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Teen Mom 2 star accused of stealing daughter's name

Theresa Edwards


Shark Wrestler

Theresa Edwards is a freelance writer and professional whiner. She lives in Dallas, Texas with her family where she enjoys reading, roller derby, and complaining about the heat.

Did Corey Simms just steal his ex's baby name?

It's a question that's hashed out on parenting forums, advice columns and at baby showers: Can anyone ever really "own" a name? With more and more parents wanting to give their children completely unique names, more and more accusations of "name-stealing" will fly. That's exactly what Corey Simms is being accused of with his daughter's name.

Remington Monroe Simms was born just last week, welcomed by her parents Corey Simms of Teen Mom 2 fame and his wife, Miranda, and fans loved the little girl's name. It's unique, it's dignified, and it may be "stolen." Turns out Simms' ex, Amber Scaggs O'Brien, has a 3-year-old daughter also named Remington with her husband. People are making much of the connection, since Simms and O'Brien were Facebook friends, and because O'Brien, like most proud parents, posted plenty of pictures of her Remington, so Simms would have known he was choosing a name already in circulation.

More: Baby names your friends will want to steal

What it really comes down to is whether or not you think it's possible to "steal" a name. Common sense and most objective parties will say no. There was a time when you could throw a rock and hit a "Mary" or "John," and you probably still could, though you might accidentally get a "Sophia" or "Aiden" instead. It just wasn't something people got too up-in-arms about. But with the baby-naming trend heading toward the obscure and super unique, fewer parents are pleased to encounter other little ones with the same name they carefully chose for their own child.

And when the name stealer is or was close to you, like an ex or a sister-in-law, it can definitely rankle, since the odds increase that they knew about the name you chose and used it themselves. Even in those cases, though, there's nothing particularly devious or malicious about name-stealing. Some may say it's rude, but others would consider it a compliment.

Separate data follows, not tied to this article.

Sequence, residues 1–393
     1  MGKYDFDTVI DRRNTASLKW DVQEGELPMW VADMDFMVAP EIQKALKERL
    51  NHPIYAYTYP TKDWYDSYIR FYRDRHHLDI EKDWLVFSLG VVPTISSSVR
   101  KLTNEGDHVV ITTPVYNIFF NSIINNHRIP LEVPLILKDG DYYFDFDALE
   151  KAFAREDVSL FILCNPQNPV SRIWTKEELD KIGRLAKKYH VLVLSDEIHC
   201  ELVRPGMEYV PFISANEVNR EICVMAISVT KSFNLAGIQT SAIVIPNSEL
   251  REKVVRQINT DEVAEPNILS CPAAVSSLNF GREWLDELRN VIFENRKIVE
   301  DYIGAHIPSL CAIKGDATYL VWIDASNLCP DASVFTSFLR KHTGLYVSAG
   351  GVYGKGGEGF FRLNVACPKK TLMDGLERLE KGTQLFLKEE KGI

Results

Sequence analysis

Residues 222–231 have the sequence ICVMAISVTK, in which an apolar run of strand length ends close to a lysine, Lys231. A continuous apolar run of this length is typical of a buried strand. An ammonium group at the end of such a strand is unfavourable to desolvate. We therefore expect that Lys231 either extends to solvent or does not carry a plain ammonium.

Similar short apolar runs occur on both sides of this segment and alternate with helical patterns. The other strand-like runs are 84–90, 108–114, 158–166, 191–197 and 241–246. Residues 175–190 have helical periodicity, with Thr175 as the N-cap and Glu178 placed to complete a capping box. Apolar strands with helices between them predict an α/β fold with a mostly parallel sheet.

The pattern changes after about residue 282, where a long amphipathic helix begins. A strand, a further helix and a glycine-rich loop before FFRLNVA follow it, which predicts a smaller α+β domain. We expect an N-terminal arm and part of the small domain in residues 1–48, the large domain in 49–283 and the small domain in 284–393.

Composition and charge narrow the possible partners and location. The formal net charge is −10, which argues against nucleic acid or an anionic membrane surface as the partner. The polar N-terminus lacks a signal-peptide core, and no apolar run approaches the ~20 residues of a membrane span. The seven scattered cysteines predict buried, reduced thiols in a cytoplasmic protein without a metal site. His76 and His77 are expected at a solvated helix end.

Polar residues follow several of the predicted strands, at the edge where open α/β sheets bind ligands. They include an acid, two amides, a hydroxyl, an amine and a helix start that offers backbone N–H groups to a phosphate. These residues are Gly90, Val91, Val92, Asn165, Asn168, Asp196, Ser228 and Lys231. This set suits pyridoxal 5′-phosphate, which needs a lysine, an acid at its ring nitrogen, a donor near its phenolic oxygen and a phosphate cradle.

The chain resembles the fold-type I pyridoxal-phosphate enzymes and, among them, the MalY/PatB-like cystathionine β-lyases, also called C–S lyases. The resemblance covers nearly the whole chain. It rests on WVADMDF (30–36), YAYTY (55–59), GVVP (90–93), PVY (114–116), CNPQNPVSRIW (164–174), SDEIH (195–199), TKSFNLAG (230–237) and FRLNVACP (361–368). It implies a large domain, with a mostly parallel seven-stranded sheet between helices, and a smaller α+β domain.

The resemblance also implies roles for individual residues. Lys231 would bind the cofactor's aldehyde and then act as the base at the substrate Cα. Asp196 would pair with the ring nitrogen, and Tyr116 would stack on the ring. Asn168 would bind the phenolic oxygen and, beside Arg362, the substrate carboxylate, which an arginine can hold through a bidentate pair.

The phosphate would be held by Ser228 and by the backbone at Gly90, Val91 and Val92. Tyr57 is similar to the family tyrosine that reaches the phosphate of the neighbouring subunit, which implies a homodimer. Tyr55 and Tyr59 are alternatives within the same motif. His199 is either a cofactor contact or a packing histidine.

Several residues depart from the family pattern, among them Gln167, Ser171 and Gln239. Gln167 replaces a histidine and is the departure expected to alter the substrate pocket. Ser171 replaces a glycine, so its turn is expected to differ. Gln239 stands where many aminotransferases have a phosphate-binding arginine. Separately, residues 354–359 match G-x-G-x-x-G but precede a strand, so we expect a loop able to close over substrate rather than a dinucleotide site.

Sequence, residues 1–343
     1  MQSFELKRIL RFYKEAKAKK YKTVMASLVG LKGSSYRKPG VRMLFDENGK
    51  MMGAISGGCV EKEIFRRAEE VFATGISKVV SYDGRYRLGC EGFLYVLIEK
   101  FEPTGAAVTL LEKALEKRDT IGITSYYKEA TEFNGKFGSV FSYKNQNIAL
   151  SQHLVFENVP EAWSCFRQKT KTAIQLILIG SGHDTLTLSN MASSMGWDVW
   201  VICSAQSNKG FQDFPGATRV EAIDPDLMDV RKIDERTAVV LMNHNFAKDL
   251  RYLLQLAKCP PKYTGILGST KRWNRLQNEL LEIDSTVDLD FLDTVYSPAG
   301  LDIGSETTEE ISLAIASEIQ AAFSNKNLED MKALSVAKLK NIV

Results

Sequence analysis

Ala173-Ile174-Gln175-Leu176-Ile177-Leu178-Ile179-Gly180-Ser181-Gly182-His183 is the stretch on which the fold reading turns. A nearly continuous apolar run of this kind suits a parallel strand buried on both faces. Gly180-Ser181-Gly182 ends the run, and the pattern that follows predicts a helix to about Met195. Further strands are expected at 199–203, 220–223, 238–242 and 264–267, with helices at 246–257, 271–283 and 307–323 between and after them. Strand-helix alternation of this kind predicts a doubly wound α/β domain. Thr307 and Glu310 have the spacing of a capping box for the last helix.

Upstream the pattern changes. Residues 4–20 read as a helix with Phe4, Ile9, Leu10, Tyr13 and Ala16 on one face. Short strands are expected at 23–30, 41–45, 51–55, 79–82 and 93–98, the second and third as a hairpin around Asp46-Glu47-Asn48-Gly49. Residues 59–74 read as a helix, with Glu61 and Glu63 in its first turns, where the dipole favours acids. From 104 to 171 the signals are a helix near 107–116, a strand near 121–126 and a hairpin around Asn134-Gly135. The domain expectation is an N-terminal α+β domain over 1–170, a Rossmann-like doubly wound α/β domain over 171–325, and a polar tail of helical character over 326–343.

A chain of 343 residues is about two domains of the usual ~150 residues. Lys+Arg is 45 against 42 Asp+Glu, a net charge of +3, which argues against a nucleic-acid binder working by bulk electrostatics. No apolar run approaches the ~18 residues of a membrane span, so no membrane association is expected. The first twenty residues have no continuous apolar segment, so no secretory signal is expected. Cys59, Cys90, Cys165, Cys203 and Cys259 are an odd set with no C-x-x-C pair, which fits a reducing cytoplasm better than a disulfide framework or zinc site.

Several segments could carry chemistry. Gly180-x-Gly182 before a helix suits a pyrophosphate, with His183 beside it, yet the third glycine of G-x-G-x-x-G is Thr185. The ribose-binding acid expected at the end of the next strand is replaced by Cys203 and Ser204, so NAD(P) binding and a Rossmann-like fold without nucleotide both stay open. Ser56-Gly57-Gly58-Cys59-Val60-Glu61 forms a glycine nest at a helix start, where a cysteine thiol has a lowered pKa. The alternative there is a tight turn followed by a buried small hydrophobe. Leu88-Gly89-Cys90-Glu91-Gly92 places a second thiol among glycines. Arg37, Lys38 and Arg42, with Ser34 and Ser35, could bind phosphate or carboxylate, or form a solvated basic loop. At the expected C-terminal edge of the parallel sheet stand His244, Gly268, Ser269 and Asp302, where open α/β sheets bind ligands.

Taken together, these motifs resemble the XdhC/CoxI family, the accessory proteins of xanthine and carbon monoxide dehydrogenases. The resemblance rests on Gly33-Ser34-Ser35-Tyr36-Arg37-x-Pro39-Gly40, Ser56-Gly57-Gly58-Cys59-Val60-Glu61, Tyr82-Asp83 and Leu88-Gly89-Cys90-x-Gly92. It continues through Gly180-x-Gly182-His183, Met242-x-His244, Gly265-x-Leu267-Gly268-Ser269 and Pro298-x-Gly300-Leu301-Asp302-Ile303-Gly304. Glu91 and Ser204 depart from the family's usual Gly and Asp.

In Simms' case, it does seem likely that he saw the name Remington on his ex's page and that's why he chose it, probably because he liked it, which is a compliment. The thing that makes it weird is that it's a name he possibly got from an ex-girlfriend, and no matter where you stand on name-stealing, that just seems like a no-no. Plus, if anyone should be mad, maybe it should be Miranda, who now has a kid with the same name as her husband's ex-flame. That just seems awkward. According to Radar Online, she had no idea what the name's origins were, and she wasn't very happy to hear the name came from Simms' ex.

More: Can you steal a baby name?

In fact, to establish some etiquette, perhaps we should all agree that there are times when "borrowing" someone else's baby name is wholly appropriate: when you totally thought of it first; if you'll never see them again; if it's a name that's been in your family for generations; if you see it online; or if you and your best friend got pregnant at the same time and always dreamed of having identically named children.

Inappropriate people to borrow from might include any and all ex-partners and their offspring up to three generations removed; anyone who names their child after a popular food item, like Quinoa or Gruyère; your siblings; any name that can be found on the Wikipedia entry for "prolific serial killers; and anyone you know will accuse you of stealing "their" name and be really weird about it.

Other than that, anything else should be fair game.

More: 50 Baby names parents are forbidden to use

As for little Remington, she'll be in good company. The name is traditionally a boy's name, but more and more girls are being dubbed Remington or Remi too. It's still plenty unique, but when it first showed up on American baby name charts in 1993, it was number 3,691 on the list. As of 2012, it has climbed all the way up to number 1,523, and that's just for girls! If you like it but don't want to steal it, may we suggest the traditional 14th century spelling — Rymyngton?

Now that's unique.

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